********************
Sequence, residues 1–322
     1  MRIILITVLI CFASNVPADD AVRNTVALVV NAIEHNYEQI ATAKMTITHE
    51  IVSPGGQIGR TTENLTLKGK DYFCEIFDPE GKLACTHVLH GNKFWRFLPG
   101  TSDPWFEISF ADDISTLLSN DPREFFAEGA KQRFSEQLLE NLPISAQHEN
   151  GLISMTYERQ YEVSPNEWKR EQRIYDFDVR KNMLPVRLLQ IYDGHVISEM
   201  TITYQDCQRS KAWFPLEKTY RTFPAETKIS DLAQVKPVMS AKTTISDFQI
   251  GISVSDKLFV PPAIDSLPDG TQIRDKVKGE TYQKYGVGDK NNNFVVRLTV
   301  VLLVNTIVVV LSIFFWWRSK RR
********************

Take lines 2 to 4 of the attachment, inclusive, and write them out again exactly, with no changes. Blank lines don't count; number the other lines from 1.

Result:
     1  MRIILITVLI CFASNVPADD AVRNTVALVV NAIEHNYEQI ATAKMTITHE
    51  IVSPGGQIGR TTENLTLKGK DYFCEIFDPE GKLACTHVLH GNKFWRFLPG
   101  TSDPWFEISF ADDISTLLSN DPREFFAEGA KQRFSEQLLE NLPISAQHEN